Lina Chakrabarti (associate director of R&D at AstraZeneca) described her experience in “Simplifying CHO Cell Line Generation with High Probability of Monoclonality Using Microfluidics Dispensing as an Alternative to FACS.” Her team found the Namocell Pala system to be easier to use and its single-cell deposition efficiency to be comparable with that of a fluorescence-activated cell sorting (FACS) system. She was pleased with the “high probably of monoclonality,” comparable growth profiles, and production capability of the resulting clones. The microfluidic system significantly reduced scientist time required for getting results as well as the cost of consumables and maintenance. So AstraZeneca has found it to be a suitable and reliable replacement.

Valerie Komatsu (process development senior scientist at Amgen) also used “Microfluidic Chip–Based Single-Cell Cloning and Clone Screening To Enrich for High Quality Manufacturing Cell Lines.” She said that CLD campaigns can be resource intensive, with hundreds of clonal cell lines first expanded and then screened for productivity, product quality, and stability profiles. Amgen uses the PhenomeX Beacon nanofluidic platform for culturing thousands of clonally isolated cells simultaneously on a single chip. Spotlight assays (also from PhenomeX, formerly Berkeley Lights) based on a fluorescently conjugated probe against the crystallizable fragment (Fc) quantify steady-state secreted protein levels for individual clones. However, Komatsu’s team wanted to determine whether on-chip secretion measurements would be predictive of future productivity under conditions of manufacturing scale.

“We established a representative and measurable model system to assess clone-screening efficiency of Beacon CLD workflows,” she said. “Our process eliminates poor candidate clones during single-cell cloning and enriches for top-producing cell lines with desirable manufacturability profiles. Our CLD platform integrated with the ability to leverage assays for clone characterization enables early identification of high-quality manufacturing cell lines.”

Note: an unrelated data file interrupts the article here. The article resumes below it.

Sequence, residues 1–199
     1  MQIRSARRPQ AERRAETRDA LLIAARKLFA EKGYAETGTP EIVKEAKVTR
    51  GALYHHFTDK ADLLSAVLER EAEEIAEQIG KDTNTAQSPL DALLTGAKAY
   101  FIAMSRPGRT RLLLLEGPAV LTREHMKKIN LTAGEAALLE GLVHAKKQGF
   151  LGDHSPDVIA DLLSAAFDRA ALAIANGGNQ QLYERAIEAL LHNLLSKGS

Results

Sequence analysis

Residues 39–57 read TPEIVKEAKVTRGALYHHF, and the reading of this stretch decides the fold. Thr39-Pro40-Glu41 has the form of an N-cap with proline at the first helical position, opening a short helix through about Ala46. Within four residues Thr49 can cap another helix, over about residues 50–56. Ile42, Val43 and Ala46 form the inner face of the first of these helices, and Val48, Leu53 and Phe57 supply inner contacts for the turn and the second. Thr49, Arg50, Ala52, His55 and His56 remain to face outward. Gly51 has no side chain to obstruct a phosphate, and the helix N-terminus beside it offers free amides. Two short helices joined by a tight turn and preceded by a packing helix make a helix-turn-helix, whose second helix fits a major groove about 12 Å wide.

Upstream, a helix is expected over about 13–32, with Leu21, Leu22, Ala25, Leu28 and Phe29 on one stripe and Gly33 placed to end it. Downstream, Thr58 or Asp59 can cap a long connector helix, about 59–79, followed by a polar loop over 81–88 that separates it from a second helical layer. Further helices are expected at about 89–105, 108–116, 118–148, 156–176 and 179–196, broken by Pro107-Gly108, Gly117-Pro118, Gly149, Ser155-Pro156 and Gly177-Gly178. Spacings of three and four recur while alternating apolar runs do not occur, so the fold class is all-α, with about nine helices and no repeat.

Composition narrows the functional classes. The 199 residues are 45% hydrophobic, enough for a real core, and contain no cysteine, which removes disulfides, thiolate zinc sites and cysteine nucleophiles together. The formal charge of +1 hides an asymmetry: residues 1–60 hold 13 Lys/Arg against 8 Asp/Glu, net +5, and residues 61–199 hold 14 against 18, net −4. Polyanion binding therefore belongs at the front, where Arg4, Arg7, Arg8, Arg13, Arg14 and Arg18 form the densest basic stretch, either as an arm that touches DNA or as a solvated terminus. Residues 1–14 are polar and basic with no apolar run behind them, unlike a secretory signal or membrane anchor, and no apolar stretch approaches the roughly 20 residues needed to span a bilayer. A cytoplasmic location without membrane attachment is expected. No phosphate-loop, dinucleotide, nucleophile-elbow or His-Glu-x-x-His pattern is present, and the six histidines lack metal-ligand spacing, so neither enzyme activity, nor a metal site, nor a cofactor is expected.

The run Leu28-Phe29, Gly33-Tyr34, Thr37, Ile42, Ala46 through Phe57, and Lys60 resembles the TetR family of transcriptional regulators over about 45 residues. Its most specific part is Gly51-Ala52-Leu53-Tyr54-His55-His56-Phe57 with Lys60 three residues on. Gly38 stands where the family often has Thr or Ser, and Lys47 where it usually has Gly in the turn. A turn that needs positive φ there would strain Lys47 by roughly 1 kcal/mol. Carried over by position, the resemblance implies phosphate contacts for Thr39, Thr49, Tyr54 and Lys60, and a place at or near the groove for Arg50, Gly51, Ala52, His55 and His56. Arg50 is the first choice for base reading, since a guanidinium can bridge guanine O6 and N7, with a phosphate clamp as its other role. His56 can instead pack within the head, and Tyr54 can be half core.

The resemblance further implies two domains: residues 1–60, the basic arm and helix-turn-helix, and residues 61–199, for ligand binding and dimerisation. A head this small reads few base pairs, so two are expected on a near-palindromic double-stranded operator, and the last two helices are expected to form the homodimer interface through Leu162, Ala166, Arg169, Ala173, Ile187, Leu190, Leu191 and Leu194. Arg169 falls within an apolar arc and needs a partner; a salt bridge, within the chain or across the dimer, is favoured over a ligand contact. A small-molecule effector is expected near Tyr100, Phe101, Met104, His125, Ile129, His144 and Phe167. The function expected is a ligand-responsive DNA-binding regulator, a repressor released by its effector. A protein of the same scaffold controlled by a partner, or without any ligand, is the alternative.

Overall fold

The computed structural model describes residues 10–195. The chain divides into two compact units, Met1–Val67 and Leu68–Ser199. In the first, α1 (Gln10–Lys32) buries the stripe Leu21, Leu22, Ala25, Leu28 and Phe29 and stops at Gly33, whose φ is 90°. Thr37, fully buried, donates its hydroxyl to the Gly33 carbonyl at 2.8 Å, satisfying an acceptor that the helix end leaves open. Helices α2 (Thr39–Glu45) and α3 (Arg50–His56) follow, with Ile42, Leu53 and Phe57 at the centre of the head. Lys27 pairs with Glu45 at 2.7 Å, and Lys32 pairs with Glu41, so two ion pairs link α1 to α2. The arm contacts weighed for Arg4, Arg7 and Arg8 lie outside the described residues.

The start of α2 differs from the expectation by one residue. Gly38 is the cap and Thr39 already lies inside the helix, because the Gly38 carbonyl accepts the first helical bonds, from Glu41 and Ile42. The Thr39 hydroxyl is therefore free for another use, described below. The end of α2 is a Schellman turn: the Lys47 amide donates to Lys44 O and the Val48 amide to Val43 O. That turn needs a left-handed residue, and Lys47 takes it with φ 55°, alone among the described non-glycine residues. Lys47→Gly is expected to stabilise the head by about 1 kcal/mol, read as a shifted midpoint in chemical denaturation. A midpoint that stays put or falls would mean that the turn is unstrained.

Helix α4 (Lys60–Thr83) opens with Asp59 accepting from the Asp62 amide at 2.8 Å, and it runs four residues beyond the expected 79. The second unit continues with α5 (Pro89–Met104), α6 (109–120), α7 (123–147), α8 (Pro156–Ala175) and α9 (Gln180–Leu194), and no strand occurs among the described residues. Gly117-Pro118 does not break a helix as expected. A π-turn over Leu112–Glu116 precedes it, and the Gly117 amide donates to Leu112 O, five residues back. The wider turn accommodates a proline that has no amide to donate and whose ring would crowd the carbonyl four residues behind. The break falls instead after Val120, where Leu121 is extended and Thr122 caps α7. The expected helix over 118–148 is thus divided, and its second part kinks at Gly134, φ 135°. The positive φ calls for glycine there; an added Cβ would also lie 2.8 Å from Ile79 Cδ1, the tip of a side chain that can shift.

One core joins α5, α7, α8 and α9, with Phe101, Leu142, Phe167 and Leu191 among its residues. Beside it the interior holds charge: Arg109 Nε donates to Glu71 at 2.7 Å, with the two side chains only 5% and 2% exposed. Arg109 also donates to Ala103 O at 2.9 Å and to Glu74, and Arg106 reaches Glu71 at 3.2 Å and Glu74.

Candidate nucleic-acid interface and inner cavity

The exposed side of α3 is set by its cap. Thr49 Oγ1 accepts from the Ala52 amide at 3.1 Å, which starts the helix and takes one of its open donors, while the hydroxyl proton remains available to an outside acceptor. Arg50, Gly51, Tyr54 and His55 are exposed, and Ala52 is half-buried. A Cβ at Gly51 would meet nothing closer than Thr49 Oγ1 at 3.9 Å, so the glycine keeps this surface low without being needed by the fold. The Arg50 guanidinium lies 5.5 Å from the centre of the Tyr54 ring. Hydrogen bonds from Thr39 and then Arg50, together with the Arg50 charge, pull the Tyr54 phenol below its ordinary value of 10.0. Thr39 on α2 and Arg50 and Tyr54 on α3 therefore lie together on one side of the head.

The CLD team established a representative and measurable pseudopool model system to assess single-cell cloning and clone-screening efficiency, then used that to evaluate for single-cell cloning and clone selection. “Clones with superior performance can be identified from thousands of cell lines evaluated at the point of single-cell cloning,” Komatsu said. “Our process allows enrichment for top-performing cell lines and eliminates poor candidate clones as assessed by both small-scale clone screening and a [Sartorius] Ambr 15 scale-down model.”

NGS was the focus of presentations from Seagen (now part of Pfizer) and Takeda Pharmaceuticals. In “Next-Gen Sequencing Platform and Applications in Cell-Line Development,” Ying Shen (director of CLD at Takeda Pharmaceuticals) reported on incorporation of sequence-variant evaluation by NGS into the CLD process for protein biologics and retroviral vectors. For clone selection and quality control, Takeda uses an in-house–developed Illumina MiSeq method to eliminate clones that show gene-of-interest (GoI) sequence variance. Shen said that NGS also could be used for detection of potential adventitious pathogens.

In “Early Development of Next-Generation Sequencing for Clone Selection and Genetic Characterization,” Sofie O’Brien (senior scientist in bioprocess development at Seagen) reported that her company has implemented NGS for clone selection and is exploring it to complement or replace other testing. Her team developed a high-throughput targeted-sequencing platform to evaluate clonally derived production cell lines. It provides early data on transgene sequence, integrated vector integrity, and genomic integration sites for improved clone screening and characterization.

Seagen used the platform to assess monoclonality through integration analysis of subclones. The method begins with thawing cells from an MCB and passaging them to identify integration sites present, followed by subcloning with a single-cell printer and reviewing the monoclonality of wells that show outgrowth. Clones that originate from single cells are subcloned further into 24–deep-well plates before high-throughput genomic DNA extraction using an automated bead method. Results from a quantitative PCR (qPCR) monoclonality assay (with primers designed to amplify identified integration junctions) go through statistical analysis to calculate confidence of clonal derivation.

“NGS has the potential to address multiple platform needs with one in-house assay,” said O’Brien. DNA sequence-variant analysis provides high-throughput early screening of clones before extensive characterization would be possible. Seagen found that analyzing targeted sequence data can provide comparable information to that derived from standard genetic-characterization methods. Targeted sequencing of development banks then can be used as an early screen for genetic stability before lead-clone selection. And integration sites from targeted sequencing can be used as primers to provide evidence of clonal derivation even for legacy cell lines.